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Sidestepping Skepticism, Prudential Scores with VAs


Bruce Ferris, senior vice president of sales and distribution for Prudential Annuities, he has heard all the objections from wholesalers and advisers concerning variable annuities.

The investment community complains that the products are too expensive or too complicated, but Ferris is certain that even though VA assets under management declined over the past two years, "they aren't going away." In fact, he said the attitude about variable annuities is beginning to change.

"In the past 18 months, retirement savings have atrophied by 40%, and that is starting to change a lot of attitudes about these products," Ferris said in an interview. Following the Great Recession, "people like the idea of a product with a guarantee."

Ferris said the success of Prudential Financial Inc.'s U.S. annuity business is evident. Last year, the company's annuity sales rose 58.3% to $16.3 billion from a year earlier, and fourth quarter sales rose 71.4% to $4.8 billion from a year earlier.

"Variable annuities provide us with the ability to offer downside protection and upside market participation," he said. "We can put a floor under an investment. It is a unique value proposition to have. The question is no longer if [variable annuities] are appropriate, but what percentage of assets should have this protection."

In the bank channel, Prudential Annuities has had substantial growth. Its bank sales of variable annuities increased 152% to $1.8 billion from a year earlier, as the company added 15 new banks to its distribution list. In the third quarter, Prudential ranked first in bank sales of variable annuities, according to VARDS. In 2002, Prudential ranked 14th in bank sales.

"Bank clients look at CDs, fixed annuities and fixed income as safer havens than equity products," Ferris said. "But right now, they are finding it difficult to generate yields in fixed income or finding products that offer attractive returns for their retirement income savings. This is generating more interest in variable annuities."

Prudential Annuities has nearly doubled its wholesalers in the bank channel in the past two years, increasing its sales force to 26 from 14 in 2007. "We want to continue to add selectively from here," Ferris said. "We are confident that we have the right resources and support for bank clients. My job is to manage costs associated with this business, and we have made a significant investment in the bank channel over the last four to five years, and we are really starting to reap the benefits of that investment in our sales results."

That doesn't mean the Newark, N.J.,-based company plans to stop investing in bank channel sales of annuities, he said. "We have sustainable momentum in the channel," Ferris said. "Look at our industry: banks represent 12% to 13% of total industry annuity sales. We are right in that wheelhouse. I expect to continue to grow our business, and I am looking at doing that across all channels."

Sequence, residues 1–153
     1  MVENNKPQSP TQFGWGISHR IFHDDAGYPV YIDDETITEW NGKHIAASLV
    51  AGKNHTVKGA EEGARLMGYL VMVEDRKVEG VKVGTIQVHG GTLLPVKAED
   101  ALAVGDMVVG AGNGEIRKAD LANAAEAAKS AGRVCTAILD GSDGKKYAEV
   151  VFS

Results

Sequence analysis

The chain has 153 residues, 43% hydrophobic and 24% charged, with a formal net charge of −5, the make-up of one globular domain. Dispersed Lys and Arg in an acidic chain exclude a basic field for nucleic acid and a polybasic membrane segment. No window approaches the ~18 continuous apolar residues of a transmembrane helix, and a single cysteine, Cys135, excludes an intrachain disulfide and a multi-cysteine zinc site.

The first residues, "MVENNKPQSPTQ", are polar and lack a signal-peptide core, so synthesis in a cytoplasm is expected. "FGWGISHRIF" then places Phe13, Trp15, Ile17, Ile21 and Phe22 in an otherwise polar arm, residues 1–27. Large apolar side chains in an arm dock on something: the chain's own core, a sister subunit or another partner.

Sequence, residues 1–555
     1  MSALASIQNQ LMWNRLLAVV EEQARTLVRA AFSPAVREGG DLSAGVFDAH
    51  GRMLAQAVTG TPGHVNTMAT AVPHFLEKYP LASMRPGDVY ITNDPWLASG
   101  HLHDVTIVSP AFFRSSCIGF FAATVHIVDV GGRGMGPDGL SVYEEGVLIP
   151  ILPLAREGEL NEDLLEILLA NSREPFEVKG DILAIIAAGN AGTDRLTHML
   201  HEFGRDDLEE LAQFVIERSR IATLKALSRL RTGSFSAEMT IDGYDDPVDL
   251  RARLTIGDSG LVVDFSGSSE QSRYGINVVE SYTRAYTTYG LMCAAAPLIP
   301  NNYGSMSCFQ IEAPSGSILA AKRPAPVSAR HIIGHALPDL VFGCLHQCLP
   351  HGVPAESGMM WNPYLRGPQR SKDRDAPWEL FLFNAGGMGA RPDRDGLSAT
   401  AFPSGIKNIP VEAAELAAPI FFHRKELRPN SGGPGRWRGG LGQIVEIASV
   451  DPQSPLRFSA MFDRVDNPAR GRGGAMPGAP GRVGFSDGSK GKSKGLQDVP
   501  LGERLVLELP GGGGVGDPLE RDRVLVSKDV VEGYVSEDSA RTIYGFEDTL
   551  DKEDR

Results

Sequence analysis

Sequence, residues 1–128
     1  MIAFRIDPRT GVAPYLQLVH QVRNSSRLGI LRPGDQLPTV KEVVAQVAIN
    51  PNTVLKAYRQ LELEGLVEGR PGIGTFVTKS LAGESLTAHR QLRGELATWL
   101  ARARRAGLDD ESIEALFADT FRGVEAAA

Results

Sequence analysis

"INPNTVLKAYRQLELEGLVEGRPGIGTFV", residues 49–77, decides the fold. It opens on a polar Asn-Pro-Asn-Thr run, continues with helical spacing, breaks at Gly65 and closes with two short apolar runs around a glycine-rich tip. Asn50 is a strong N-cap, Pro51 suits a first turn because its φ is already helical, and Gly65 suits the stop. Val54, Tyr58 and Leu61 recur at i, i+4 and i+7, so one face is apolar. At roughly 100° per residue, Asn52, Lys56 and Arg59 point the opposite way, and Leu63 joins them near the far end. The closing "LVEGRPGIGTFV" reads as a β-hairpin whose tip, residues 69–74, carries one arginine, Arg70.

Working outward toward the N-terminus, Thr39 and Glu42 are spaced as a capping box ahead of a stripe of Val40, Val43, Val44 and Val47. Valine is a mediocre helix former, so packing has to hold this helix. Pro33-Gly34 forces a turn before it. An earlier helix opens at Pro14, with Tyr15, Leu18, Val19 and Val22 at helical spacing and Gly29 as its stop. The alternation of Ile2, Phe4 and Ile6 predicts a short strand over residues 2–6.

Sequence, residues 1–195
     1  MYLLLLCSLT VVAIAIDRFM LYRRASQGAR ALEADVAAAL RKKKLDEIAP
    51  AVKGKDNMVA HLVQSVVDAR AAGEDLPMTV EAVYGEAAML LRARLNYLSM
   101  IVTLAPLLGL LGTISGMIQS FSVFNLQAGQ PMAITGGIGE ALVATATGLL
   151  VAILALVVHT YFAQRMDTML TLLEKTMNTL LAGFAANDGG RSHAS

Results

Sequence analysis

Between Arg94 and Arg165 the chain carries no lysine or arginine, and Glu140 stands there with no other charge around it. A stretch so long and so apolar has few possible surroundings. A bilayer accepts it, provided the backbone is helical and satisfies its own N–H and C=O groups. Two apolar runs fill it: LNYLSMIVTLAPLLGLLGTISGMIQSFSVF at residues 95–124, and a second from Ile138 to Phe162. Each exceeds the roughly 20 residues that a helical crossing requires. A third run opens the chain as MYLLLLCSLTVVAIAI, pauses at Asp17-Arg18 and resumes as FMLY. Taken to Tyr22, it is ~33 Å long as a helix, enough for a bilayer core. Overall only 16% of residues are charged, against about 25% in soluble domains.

Nonetheless, analysts say that some advisers remain skeptical of variable annuities. Fixed annuity sales heavily outweighed variable annuity sales last year as many banking companies shied away from variable products because the guarantees associated with these products became too expensive, according to Michael White of Michael White Associates.

The strain that the market crash put on guaranteed-income rider providers is behind much of the change. Many providers have eliminated guarantees or raised their prices.

Second-quarter figures from the research firm Kehrer-Limra showed that variable annuity sales rose 17% in the quarter, compared with the first quarter, well behind the 55.9% gain posted by mutual funds. The disparity is striking, because sales of the two products usually move in tandem.

In fact, the net sales of variable annuities has halved to $23.8 billion in 2008 from $46.8 billion in 1999.

In the fourth quarter, variable annuity sales increased 3% to $32.6 billion from the previous quarter, according to LIMRA's U.S. Individual Annuities quarterly sales survey.

"The last time VA sales were at this level was in 2003, at the end of the last financial crisis," said LIMRA Research Director Joe Montminy. "While we are seeing VAs slowly recover, the recovery is slower than expected."

Ferris admitted Prudential has not won every adviser over. "There are still naysayers, and there always will be," he said. "But we attracted 20,000 new producers last year who never sold our products before and who are now offering Prudential annuities. That is two-fold our previous record of new producers. I think this is evidence that advisers recognize that given recent market conditions, variable annuities are a solution that makes sense for many clients."

Prudential is not alone. Sun Life Financial Distributors Inc., the U.S. division of Sun Life Financial Inc., is looking for ways to increase sales of the product through banks. Last month, the company hired Leslie Hunnicutt as a senior vice president and a national sales manager to increase sales through banks.